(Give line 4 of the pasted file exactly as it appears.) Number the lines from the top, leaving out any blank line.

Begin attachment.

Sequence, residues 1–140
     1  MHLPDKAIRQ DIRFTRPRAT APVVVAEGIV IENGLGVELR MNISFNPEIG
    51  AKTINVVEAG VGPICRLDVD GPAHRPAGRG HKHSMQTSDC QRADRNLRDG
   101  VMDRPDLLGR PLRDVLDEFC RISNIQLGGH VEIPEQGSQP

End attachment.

   101  VMDRPDLLGR PLRDVLDEFC RISNIQLGGH VEIPEQGSQP